Question 17 of the AICPA’s Audit Requirements practice aid provides great clarity for providers on what basis the amounts will be presented on, stating that the Schedule may be presented following generally accepted accounting principles (GAAP), accrual basis accounting, or a special-purpose framework, like cash or income tax basis.

The period of time covered will depend on the provider’s fiscal year-end and the make-up of the distributions received. For Dec. 31, 2021 year-ends, providers will report PRF amounts from both Period 1 and Period 2 reports submitted to the HRSA PRF Reporting Portal. This will include amounts earned from PRF distributions received between April 10, 2020 and Dec. 31, 2020. The HHS FAQs and AICPA’s Audit Requirements practice aid provide additional details for providers with noncalendar year-ends to consider. HHS awards other than PRF are reported on the Schedule in accordance with the entity’s basis of accounting.

For providers that may have complex ownership structures, such as multiple entities under common control, or may have not historically issued audited financial statements following GAAP, the question of which entities should be included may involve significant judgment and may require consultation with HRSA. The AICPA’s Audit Scope practice aid provides some good food for thought, but if there’s a particularly nuanced set of circumstances that aren’t addressed in the practice aid providers should contact HRSA at this address for additional guidance.

What can providers expect when the audit is executed?

An AU-C 805 audit will be most similar to a financial statement audit, but with a much narrower scope.  Because the financial statement element being audited is the HHS program-related revenue recorded by the provider, auditors will focus their audit procedures, including gaining an understanding of the controls and processes in place, on those amounts reported. Providers can expect that the extent of audit procedures will be tailored based on the underlying nature of what the funds were used toward. At the conclusion of the AU-C 805 audit, auditors will issue two audit reports: an opinion on the Schedule and a Report on Internal Control over Financial Reporting and Compliance and Other Matters (GAGAS report).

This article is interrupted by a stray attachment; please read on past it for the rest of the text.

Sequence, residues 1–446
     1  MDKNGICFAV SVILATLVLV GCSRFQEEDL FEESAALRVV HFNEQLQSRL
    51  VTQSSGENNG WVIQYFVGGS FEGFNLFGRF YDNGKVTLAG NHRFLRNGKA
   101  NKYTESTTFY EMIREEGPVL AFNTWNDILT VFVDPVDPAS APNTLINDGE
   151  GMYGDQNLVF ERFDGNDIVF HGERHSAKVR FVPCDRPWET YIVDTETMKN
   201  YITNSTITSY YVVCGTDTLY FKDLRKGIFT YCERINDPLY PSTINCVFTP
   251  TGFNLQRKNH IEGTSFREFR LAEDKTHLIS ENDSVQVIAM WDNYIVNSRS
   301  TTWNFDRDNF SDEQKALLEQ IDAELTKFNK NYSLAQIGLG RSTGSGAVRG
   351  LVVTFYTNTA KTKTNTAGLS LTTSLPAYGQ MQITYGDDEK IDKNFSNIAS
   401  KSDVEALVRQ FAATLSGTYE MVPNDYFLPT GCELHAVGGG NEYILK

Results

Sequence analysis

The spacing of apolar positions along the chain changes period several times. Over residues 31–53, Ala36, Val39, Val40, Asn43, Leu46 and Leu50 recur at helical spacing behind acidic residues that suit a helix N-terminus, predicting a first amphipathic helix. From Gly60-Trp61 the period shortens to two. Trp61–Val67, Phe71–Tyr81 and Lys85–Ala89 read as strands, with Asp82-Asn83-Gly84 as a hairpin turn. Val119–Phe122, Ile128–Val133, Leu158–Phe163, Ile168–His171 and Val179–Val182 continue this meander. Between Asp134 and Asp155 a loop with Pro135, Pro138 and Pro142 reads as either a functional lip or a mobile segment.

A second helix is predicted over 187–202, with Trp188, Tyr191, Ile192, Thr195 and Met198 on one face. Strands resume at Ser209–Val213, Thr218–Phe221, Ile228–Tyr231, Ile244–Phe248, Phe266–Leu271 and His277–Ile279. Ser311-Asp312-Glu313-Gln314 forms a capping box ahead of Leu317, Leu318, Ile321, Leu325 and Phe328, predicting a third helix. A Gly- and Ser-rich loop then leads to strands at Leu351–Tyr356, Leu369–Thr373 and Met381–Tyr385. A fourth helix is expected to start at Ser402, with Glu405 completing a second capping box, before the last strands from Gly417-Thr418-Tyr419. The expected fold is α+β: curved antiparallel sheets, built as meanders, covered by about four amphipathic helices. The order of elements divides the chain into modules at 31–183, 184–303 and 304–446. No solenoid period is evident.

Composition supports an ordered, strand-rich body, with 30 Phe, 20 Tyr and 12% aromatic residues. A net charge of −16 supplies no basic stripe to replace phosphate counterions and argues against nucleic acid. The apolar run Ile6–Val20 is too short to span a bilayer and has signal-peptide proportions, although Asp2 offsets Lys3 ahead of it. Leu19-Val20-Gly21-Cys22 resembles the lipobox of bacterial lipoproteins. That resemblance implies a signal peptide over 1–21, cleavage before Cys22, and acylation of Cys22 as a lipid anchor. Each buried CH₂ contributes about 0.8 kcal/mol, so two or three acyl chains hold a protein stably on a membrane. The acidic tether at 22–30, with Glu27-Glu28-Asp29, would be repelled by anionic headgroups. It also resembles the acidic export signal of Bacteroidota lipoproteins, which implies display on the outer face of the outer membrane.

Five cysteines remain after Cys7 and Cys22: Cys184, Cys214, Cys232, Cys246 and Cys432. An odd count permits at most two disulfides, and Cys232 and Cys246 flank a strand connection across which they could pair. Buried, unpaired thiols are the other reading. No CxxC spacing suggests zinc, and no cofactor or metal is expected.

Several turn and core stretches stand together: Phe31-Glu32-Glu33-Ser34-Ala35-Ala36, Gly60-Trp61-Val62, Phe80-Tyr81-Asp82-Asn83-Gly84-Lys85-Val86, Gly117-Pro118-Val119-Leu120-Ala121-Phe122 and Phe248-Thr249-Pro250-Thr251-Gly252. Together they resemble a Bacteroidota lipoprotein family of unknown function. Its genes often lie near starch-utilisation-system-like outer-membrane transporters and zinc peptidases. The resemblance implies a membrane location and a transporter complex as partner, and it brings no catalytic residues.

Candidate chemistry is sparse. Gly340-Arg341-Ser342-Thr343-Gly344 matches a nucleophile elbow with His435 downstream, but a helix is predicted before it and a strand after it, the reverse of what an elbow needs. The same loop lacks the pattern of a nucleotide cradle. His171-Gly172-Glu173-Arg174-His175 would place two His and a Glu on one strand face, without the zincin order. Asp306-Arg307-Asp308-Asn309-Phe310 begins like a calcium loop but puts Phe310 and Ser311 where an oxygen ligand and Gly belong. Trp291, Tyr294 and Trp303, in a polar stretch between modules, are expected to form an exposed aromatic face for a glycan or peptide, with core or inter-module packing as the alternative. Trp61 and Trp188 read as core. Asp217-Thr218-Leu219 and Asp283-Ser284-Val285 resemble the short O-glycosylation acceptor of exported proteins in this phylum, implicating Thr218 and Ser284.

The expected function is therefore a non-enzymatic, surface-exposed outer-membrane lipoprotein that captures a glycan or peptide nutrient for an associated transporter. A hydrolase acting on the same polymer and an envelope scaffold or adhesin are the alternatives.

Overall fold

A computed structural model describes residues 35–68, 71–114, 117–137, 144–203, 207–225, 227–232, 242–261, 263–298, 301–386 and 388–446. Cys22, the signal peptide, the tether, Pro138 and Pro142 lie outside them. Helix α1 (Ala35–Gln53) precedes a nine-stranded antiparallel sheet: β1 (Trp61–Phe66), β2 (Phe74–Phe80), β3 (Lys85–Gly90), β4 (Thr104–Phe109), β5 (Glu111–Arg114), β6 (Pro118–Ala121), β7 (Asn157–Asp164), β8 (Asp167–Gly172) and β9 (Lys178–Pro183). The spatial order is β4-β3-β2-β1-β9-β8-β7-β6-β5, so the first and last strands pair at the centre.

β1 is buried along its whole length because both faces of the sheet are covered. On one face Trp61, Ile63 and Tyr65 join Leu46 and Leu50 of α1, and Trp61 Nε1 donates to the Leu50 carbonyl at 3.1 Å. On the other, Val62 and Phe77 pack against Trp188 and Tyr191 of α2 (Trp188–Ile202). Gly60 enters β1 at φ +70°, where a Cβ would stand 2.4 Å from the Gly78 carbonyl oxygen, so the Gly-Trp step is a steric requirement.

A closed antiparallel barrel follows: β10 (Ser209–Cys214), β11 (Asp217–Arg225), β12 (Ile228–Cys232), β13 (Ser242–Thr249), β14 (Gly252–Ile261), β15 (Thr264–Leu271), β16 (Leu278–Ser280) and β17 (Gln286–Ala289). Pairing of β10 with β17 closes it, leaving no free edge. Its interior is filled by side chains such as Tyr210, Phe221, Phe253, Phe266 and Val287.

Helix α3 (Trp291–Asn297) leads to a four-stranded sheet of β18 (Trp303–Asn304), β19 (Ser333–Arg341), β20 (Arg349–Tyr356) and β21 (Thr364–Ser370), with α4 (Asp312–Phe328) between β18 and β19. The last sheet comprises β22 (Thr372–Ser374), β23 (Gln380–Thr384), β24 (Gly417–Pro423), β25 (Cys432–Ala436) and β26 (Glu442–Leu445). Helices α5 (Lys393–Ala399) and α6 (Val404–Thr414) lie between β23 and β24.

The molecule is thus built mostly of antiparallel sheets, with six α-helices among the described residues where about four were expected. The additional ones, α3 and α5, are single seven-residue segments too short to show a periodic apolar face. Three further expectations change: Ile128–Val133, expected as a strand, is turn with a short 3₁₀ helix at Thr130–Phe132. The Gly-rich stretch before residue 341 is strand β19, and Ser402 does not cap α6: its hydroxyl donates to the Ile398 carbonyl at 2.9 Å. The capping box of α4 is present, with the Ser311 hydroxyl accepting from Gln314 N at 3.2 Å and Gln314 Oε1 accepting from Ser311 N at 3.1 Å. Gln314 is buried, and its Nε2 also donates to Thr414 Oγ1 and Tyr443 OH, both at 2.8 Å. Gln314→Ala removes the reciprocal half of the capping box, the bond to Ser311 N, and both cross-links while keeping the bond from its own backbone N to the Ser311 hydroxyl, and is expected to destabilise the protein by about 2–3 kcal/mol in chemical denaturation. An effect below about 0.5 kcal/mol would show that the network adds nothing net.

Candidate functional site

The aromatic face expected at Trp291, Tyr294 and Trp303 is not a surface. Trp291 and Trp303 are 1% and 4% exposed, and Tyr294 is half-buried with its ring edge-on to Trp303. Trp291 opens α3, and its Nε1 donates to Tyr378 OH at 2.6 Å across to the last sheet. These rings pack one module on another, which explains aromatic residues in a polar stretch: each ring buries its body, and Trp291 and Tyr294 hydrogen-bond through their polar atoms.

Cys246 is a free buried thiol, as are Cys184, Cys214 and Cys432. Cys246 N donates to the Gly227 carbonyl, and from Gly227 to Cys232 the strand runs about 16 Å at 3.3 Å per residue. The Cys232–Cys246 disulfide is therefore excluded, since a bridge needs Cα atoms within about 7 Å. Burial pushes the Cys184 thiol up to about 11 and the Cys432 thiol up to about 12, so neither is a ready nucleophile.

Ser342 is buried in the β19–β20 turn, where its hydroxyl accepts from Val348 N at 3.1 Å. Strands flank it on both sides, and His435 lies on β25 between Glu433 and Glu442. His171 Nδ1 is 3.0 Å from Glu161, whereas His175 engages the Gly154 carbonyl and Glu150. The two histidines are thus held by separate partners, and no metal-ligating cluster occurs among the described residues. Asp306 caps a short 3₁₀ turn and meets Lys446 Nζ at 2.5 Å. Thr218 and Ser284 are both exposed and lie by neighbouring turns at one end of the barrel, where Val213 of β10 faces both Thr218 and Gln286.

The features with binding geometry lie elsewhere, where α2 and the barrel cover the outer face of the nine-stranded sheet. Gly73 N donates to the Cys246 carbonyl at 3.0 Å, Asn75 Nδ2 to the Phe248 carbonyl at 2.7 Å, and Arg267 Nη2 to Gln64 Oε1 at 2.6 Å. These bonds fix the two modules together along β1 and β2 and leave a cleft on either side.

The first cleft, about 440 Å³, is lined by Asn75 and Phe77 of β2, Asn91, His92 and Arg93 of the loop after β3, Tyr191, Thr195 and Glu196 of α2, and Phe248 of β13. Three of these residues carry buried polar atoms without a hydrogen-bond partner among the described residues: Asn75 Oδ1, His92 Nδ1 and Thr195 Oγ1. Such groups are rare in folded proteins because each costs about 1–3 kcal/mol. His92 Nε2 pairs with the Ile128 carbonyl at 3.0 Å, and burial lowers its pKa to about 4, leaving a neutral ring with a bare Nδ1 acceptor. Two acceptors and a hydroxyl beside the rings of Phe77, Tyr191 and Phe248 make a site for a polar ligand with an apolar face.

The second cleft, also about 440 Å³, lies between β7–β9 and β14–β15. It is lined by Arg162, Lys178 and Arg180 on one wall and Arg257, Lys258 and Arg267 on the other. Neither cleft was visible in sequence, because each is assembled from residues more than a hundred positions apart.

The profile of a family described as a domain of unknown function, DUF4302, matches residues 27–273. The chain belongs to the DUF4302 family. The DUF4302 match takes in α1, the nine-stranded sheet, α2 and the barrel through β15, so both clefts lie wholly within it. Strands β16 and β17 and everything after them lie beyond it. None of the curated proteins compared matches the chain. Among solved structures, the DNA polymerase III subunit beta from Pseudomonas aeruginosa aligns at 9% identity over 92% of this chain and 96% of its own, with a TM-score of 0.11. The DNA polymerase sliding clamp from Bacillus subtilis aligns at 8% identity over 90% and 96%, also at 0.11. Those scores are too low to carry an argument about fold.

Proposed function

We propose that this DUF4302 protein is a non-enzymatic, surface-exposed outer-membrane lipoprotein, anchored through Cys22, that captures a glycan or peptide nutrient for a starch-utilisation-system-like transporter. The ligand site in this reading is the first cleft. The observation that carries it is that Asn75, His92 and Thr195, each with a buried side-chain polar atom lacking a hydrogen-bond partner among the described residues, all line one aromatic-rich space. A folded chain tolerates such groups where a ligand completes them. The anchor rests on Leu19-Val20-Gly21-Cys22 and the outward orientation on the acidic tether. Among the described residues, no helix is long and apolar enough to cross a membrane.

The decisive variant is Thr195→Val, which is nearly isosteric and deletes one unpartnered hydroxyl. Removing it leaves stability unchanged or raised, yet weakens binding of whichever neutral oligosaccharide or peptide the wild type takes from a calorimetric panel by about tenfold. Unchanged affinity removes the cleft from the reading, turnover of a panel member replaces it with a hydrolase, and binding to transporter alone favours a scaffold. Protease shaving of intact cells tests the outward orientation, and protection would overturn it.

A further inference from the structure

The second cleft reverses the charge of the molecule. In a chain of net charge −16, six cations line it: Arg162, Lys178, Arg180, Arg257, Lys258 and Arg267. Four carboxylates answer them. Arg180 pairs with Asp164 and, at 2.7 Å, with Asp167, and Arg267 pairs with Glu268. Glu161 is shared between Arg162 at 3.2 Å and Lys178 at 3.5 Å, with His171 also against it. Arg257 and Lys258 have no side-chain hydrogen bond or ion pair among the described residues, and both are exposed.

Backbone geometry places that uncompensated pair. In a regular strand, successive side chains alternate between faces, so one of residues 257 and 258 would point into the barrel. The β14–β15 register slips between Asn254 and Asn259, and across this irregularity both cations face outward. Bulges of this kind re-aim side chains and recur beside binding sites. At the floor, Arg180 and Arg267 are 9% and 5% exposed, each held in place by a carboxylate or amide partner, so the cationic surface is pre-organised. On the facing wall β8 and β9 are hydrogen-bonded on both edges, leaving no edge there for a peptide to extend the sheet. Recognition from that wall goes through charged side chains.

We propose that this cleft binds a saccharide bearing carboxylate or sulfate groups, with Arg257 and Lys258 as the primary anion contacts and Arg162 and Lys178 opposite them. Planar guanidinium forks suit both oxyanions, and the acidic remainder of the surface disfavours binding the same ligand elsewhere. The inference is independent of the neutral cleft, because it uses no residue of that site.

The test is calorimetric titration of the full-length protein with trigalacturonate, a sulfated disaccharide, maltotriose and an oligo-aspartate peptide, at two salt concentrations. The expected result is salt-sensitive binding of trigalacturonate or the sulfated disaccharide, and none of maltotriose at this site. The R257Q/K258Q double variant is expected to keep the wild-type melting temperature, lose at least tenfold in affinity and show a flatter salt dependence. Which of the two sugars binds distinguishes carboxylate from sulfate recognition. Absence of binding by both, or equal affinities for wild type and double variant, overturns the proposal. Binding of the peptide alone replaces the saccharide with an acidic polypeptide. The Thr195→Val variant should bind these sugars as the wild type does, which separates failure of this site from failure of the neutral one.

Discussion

These audits are required to be submitted to HHS no later than 30 calendar days after receipt of the audit report or nine months after a provider’s fiscal year-end, whichever is earlier. Providers with fiscal year-ends of June 30, 2021 or earlier were granted a six-month extension. No additional extensions are expected from HHS; therefore, Dec. 31, 2021 year-ends will be due Sept. 30, 2022. Providers must submit their report via email to HRSA’s Division of Financial Integrity at

What do providers need to do now?

Here are a few actions that management can take now to ensure a smoother audit:

  • Accumulate all sources of HHS funding, associated grant agreements, and copies of all HHS portal submissions completed to-date.
  • Prepare the organization’s schedule and assess the need for an audit.
  • Document conclusions for qualified expenses and calculations of lost revenue (in the case of PRF) as well as the relevant guidance relied upon when conclusions were made.
  • Prepare to provide a detailed list of expenses and lost revenue calculation that agree to the HHS portal submissions completed to date.

Since a resolution may involve reaching out to HRSA for additional clarification, this shouldn’t be delayed. In all cases, management should clearly document its key conclusions reached as a result of its decision-making process so that it’s recorded for future inquiries.

As you navigate the complexities of the HHS for-profit audit requirements, we’re here and ready to help — don’t hesitate to reach out.